Ancient Wisdom for Modern Wellness: How Holistic Health Practices Keep Us Whole

It’s ironic how today’s health and medical knowledge is often considered outdated and irrelevant if it’s over a decade old. You can blame the arrogance of the modern medical system for this.

Before medicine was science-based and evidence-proven, people all around the world inherently knew what worked, and what didn’t, to make someone feel better. Medicine was considered common knowledge. Sure, one would seek a shaman or healer for serious issues, but people knew when to sleep, what to eat, and how to treat common colds or liver conditions.

When someone felt dis-ease, he would return to traditional methods to regain ease. Meditation, breathing exercises, abstinence from certain foods, or fasting created a period of cleansing. Personal energy was balanced with needles, rocks, hands-on energy transfer, prayer, and exercise.

The Holistic Approach to Disease Progression

Rather than always trying to find a single specific protocol, ancient practices acknowledged that disease manifests differently in different people. They focused on addressing the root cause of illness, as every ailment or pain was believed to be linked directly to a traumatic event or a sign of dis-ease or dis-order.

Science sometimes neglects this larger perspective. The ancient knowledge of the body, spirit, and individual’s place in society, in relation to disease, came from an innate understanding of the human condition.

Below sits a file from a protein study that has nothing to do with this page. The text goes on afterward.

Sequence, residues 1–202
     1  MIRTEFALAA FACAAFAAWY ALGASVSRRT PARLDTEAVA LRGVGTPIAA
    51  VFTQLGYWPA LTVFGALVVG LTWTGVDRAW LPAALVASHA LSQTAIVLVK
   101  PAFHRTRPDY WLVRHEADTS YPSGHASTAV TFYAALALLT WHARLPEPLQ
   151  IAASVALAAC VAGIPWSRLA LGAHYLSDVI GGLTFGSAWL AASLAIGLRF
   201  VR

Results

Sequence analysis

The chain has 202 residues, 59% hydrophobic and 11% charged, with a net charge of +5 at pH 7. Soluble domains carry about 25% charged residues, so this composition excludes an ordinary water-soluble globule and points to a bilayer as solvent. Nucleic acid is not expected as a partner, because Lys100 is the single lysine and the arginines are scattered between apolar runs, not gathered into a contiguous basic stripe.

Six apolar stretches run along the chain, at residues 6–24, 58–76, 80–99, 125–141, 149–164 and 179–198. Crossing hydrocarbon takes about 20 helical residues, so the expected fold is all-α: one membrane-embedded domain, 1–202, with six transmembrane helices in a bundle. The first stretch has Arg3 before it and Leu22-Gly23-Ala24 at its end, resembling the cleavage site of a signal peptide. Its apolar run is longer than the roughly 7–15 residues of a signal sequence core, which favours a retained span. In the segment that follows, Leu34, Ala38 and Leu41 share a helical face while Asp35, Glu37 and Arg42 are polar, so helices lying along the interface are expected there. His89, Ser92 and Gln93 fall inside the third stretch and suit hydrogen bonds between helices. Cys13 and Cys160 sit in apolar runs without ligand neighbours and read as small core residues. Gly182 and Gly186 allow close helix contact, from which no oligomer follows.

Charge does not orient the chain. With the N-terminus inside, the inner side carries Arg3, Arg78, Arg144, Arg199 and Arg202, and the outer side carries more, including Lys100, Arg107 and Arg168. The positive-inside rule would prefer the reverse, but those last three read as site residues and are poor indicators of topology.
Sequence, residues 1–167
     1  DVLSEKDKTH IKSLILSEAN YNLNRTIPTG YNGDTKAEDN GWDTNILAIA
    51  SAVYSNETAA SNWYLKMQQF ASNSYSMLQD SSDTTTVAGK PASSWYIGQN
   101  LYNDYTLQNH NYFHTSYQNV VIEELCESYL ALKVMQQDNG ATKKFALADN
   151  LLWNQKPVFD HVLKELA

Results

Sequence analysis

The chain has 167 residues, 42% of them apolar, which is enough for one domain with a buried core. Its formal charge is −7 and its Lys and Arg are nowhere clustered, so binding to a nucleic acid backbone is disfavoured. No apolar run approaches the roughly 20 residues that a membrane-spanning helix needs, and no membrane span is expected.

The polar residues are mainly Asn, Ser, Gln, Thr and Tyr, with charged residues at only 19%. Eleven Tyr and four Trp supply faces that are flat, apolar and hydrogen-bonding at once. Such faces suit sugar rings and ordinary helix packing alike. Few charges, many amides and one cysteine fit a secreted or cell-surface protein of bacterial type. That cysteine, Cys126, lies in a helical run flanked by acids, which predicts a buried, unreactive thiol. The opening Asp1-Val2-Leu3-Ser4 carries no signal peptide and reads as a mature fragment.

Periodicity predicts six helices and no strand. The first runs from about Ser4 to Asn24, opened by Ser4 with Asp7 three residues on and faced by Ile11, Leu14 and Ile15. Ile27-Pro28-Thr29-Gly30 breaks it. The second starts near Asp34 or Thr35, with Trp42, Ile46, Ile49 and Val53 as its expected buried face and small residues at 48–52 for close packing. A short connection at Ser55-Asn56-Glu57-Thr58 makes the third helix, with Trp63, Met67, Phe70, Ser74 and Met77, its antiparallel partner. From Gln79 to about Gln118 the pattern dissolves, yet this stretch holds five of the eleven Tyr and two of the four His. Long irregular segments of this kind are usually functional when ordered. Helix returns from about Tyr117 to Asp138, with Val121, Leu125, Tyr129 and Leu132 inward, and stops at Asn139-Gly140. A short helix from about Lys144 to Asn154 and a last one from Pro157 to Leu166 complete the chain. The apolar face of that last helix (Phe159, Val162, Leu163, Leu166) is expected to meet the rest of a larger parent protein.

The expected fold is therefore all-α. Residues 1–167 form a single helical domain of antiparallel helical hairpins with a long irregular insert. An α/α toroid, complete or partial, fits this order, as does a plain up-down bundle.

Breath-focused Practices

One of the most common forms of ancient body regulation that is still practiced today includes exercises that center on the breath. These practices include meditation, tai chi, and qigong. Interestingly, some scientific studies have looked at the efficacy of such activities.

Study 1 – Examined randomized clinical trials (RCTs) of qigong in patients with hypertension. Results showed encouraging evidence for qigong lowering systolic blood pressure but called for more rigorously designed trials to confirm these findings.
Study 2 – Found physical activity interventions involving tai chi or qigong may improve outcomes like physical function, blood pressure, and depression/anxiety in older people.
Study 3 – Analyzed the efficacy of a qigong intervention on the quality of life in women with breast cancer during radiotherapy treatment. Results indicated that women in the qigong group reported less depressive symptoms, fatigue, and better overall quality of life.

Connecting Mind, Movement, and Breath

These studies show how practices such as qigong can have positive effects on various levels. However, Western scientific methods often strip qigong down to simple breathing exercises. The foundation of qigong is not the same as deep breathing, as it unites the mind, movement, and breath as one. The mind leads the energy to move in synchrony with the body, focusing solely on the sensations of the body as the breath and body move together.

Unfortunately, scientific medicine does not always recognize the importance of practices like qigong, which focus on the connection between mind, body, and spirit. While relieving symptoms is essential, comprehensive integration of traditional approaches can assist in determining the root cause of a disease.

Treatment for the Whole Person

Let us not rely solely on modern pills and surgeries, although they have given us invaluable breakthroughs. We must also return to a natural, human-centric way of approaching our health – one that addresses the interconnectivity of each illness, and accepting that conditions don’t usually manifest without reason. By embracing traditional methods, we can restore ease and balance in our bodies and lives.